Biomarker Research Advances in 'Chronic Fatigue Syndrome'

Miriam E. Tucker

November 08, 2016

FORT LAUDERDALE, FL — New research adds to growing evidence that the illness commonly known as chronic fatigue syndrome is biologically based, researchers report here at the International Association for Chronic Fatigue Syndrome/Myalgic Encephalomyelitis (IACFSME) research and clinical conference. Some of the abnormalities identified suggest potential clinical diagnostic tests and targeted treatments.

The condition, now called myalgic encephalomyelitis/chronic fatigue syndrome (ME/CFS) by US government bodies, has long confounded the medical community because, although patients may be severely debilitated and exhibit numerous abnormal physical findings, no specific biomarker has been found to conclusively make the diagnosis.

Instead, current diagnostic criteria, such those put forth in the February 2015 Institute of Medicine report, focus on patient-reported symptoms, including postexertional malaise, unrefreshing sleep, orthostatic hypotension, and cognitive dysfunction, along with varying levels of muscle pain or burning, influenza-like symptoms, and gastrointestinal distress, among others. It is often traced to a prolonged viral illness, but most experts believe there are multiple potential triggers.

The symptom heterogeneity, combined with the lack of specific biomarker, has resulted in skepticism among some clinicians that the condition is biologically, rather than psychologically, based.

However, studies during the last decade point to biological underpinnings. At the biennial IACFSME conference, more than 100 papers were presented that contribute further to the evidence base, according to Anthony L. Komaroff, MD, professor of medicine at Harvard University, Boston, Massachusetts, and editor-in-chief of the Harvard Health Letter.

"Case-control studies comparing patients with ME/CFS to both disease comparison groups and healthy control subjects find robust evidence of an underlying biological process involving the brain and autonomic nervous system, immune system, energy metabolism, and oxidative and nitrosative stress," Dr Komaroff said in a conference summary at the end of the meeting.

He added, "To those people out there who still question whether there is really anything wrong in this illness, my advice to them would be try consulting the evidence."

Possible Biomarkers for Diagnosis, Treatment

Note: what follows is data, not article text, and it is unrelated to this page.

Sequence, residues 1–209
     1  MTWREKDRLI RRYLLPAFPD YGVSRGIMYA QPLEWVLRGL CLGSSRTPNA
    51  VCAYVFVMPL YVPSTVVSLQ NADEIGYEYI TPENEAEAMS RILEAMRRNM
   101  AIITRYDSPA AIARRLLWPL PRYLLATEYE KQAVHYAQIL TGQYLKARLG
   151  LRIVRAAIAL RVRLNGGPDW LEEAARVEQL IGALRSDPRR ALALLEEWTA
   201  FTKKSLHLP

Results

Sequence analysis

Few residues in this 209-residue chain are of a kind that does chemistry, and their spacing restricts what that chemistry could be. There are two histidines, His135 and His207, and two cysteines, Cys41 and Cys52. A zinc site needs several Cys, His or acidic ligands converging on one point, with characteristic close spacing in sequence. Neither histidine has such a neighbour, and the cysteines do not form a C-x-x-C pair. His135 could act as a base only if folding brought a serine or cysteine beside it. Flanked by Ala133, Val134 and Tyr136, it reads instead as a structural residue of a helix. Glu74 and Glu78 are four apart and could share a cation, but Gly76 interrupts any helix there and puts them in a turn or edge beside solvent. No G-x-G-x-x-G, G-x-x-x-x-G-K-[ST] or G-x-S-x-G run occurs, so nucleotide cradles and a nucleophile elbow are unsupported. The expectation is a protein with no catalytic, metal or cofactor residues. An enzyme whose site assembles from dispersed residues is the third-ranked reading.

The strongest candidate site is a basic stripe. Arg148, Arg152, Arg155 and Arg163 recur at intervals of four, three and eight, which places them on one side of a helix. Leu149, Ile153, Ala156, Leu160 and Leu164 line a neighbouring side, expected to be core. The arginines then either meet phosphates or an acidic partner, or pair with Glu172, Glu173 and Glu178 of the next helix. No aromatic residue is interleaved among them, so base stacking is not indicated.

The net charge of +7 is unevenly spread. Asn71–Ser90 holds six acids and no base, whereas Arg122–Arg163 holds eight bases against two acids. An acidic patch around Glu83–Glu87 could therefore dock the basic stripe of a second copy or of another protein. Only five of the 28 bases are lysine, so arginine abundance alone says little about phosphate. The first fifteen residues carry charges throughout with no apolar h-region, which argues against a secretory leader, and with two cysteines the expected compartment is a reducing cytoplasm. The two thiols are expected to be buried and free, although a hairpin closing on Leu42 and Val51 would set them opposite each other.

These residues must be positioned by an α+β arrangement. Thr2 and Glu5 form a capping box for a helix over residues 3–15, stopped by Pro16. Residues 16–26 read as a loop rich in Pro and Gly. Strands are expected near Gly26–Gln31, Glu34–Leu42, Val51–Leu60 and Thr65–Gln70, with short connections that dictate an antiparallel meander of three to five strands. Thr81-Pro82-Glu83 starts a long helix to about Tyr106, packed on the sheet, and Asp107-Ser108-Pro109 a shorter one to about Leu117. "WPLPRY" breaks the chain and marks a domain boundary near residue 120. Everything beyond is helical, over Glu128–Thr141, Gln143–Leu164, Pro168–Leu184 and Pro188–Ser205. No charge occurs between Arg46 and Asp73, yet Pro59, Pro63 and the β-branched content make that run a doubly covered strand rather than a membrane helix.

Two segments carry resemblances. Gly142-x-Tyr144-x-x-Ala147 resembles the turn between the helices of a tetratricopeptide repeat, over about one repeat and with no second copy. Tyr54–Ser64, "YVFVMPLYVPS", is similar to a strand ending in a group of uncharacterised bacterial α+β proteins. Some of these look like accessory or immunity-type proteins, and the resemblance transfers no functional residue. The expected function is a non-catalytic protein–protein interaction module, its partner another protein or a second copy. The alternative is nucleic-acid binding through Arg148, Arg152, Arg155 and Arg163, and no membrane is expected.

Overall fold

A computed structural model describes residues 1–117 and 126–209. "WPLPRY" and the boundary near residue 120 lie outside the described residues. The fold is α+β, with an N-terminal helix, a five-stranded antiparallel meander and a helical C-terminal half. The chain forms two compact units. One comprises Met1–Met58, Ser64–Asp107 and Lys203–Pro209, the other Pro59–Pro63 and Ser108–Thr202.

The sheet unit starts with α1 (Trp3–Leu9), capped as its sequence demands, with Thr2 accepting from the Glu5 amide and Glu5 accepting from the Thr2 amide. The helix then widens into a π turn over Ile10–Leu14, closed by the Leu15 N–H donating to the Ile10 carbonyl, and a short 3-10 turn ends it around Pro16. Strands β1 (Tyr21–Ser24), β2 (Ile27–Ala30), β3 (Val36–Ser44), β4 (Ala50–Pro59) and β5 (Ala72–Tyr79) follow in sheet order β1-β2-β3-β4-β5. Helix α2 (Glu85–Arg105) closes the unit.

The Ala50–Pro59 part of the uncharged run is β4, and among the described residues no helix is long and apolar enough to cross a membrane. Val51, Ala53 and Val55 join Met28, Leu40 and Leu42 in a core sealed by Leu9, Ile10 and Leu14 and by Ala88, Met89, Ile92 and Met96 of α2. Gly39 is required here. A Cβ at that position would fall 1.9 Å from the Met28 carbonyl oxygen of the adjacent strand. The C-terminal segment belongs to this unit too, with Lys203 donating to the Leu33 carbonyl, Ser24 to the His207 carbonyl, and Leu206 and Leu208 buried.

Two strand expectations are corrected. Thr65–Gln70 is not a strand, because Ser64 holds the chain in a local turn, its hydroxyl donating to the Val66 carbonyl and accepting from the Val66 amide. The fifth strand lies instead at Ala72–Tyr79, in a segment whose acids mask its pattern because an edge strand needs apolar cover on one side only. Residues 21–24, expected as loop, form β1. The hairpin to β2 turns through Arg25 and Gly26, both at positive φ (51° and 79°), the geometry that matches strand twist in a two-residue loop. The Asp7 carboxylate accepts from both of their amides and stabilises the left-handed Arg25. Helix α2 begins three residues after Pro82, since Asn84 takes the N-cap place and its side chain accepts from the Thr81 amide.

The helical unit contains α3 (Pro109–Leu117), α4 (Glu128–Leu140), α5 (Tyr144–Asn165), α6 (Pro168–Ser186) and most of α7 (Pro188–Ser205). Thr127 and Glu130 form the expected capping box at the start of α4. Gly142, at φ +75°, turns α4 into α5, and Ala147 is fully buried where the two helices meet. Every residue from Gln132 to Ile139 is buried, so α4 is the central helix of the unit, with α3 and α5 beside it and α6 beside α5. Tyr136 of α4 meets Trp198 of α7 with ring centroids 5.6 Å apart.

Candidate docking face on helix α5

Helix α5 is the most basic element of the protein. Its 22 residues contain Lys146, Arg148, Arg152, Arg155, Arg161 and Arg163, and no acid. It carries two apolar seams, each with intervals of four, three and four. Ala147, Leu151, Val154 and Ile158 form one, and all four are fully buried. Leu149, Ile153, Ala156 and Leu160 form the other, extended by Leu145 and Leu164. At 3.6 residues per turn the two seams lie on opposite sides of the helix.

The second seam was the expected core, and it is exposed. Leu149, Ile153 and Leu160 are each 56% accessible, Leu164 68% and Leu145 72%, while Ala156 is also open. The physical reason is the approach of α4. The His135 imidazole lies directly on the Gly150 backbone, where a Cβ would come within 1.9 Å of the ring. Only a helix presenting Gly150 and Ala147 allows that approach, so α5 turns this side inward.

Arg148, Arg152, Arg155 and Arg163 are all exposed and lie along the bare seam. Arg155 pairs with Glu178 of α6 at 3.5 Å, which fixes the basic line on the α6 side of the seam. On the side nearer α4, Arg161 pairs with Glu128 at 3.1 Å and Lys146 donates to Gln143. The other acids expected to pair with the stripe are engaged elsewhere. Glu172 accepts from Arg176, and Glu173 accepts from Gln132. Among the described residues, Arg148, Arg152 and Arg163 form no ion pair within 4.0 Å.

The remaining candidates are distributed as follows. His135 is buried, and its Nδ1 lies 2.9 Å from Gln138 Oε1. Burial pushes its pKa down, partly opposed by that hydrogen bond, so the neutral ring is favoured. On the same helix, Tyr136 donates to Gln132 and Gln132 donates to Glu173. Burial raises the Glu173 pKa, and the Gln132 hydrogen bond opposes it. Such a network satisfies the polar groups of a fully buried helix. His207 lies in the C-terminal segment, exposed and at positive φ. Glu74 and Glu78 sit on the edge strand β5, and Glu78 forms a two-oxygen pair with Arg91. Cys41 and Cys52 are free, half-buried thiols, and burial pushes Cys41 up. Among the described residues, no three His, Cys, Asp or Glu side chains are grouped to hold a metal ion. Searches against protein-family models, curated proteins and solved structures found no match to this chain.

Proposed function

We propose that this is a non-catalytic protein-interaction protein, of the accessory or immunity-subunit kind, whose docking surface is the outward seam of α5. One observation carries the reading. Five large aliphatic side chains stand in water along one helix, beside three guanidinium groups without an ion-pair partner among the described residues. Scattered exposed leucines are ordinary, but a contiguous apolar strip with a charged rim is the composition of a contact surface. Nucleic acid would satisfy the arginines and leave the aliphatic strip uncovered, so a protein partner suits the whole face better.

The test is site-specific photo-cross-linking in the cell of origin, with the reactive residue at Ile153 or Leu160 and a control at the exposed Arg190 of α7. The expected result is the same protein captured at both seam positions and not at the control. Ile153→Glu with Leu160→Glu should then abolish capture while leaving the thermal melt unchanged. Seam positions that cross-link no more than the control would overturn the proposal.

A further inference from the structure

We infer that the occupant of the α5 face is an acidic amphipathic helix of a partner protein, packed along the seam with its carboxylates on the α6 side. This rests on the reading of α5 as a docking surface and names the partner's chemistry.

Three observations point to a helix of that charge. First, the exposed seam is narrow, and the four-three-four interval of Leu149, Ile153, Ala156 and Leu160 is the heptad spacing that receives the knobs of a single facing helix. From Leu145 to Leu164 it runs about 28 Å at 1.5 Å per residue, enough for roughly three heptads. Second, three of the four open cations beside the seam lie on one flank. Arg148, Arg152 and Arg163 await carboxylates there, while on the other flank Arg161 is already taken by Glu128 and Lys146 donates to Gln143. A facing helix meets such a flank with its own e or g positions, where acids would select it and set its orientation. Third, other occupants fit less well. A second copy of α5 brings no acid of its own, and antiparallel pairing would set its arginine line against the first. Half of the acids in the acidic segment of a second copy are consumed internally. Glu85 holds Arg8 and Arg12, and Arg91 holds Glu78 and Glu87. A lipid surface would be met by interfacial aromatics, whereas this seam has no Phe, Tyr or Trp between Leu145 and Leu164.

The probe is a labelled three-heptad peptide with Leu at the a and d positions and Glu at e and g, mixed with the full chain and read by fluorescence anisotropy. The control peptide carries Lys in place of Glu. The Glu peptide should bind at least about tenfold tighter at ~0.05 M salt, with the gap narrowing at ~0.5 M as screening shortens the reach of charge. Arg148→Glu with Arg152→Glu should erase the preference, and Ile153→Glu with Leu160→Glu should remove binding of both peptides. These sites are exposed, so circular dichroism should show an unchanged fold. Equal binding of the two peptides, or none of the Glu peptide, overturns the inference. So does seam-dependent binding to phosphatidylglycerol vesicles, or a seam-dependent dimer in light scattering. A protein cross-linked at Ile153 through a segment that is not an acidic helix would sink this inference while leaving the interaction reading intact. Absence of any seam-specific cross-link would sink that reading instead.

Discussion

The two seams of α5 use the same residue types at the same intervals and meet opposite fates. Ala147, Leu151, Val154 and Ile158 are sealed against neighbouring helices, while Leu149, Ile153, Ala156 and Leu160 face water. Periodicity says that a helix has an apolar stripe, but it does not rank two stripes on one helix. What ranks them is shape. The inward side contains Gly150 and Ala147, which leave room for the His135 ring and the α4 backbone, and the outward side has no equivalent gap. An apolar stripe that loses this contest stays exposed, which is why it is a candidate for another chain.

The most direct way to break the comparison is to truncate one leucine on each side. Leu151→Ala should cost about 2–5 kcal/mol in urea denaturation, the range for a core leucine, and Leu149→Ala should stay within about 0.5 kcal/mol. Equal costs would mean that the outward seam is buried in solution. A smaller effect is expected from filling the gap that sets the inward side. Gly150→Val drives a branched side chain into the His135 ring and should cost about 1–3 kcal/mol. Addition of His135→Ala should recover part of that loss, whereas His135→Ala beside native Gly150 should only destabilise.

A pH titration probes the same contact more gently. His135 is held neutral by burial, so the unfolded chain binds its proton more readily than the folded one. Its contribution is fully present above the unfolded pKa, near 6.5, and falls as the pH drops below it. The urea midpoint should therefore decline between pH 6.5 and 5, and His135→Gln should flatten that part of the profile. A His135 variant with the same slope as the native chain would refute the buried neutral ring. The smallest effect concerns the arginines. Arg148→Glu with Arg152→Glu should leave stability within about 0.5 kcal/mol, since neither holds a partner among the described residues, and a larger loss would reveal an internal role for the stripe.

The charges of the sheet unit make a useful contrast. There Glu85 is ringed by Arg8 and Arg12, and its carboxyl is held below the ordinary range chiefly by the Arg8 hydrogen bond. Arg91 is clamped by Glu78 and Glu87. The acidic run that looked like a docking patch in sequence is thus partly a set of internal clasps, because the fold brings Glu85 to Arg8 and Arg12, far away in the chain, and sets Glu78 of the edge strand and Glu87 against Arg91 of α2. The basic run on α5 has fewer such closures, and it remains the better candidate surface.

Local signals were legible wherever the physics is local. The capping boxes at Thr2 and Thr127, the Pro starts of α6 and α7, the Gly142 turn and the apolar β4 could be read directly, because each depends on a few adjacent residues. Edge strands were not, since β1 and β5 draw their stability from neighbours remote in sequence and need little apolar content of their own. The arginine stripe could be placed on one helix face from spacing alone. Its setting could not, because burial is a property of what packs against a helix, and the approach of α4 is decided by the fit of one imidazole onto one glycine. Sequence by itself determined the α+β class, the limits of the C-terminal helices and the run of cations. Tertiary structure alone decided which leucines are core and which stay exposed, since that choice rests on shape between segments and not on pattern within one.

Jose Montoya, MD, professor of medicine at Stanford University, Palo Alto, California, presented findings from the largest such study to date, involving 192 patients with ME/CFS diagnosed by published criteria and 392 healthy but sedentary control patients. He found significant elevations in serum of patients compared with serum of control patients for 17 specific cytokines, 13 of them pro-inflammatory, that correlated with symptom severity among the patients (P values for linear trend ranged from 0.0062 to 0.0366).

The findings, Dr Montoya said, "likely substantiate many of the symptoms experienced by patients and the immune nature of the disease." And, he added, they also suggest that immune-modulating agents might be useful to treat some of the condition's inflammation-related symptoms.

Dr Komaroff commented, "Many of us for 20 to 30 years have held the hypothesis that symptoms of this illness likely are caused by increased cytokine levels in the brain due to chronic immune activation.... This is a very excellent demonstration of it. If those cytokines are the explanation for the symptoms, you would expect there to be a correlation between how high the cytokine was and how severe the symptom was, and that's what they found."

Another study, presented by Kenny L. DeMeirleir, MD, PhD, medical director of the Nevada Center for Biomedical Research in Reno, Nevada, involved 70 male and 70 female patients with ME/CFS and the same numbers of matched sedentary control participants. His team uncovered significant differences for four specific immune/inflammatory markers in venous blood samples (prostaglandin E2, interleukin 8, soluble CD14 [a surrogate marker for bacterial lipopolysaccharide], and CD57+ lymphocytes; P < .001 for each).

As a panel, the four markers correctly classified 89.5% of the males and 97.1% of the females with ME/CFS, as defined by published criteria.

Dr DeMeirleir told Medscape Medical News that he has since collected data for many more samples, and the results have held up. He also said that the panel is being used clinically to diagnose ME/CFS in his native Belgium.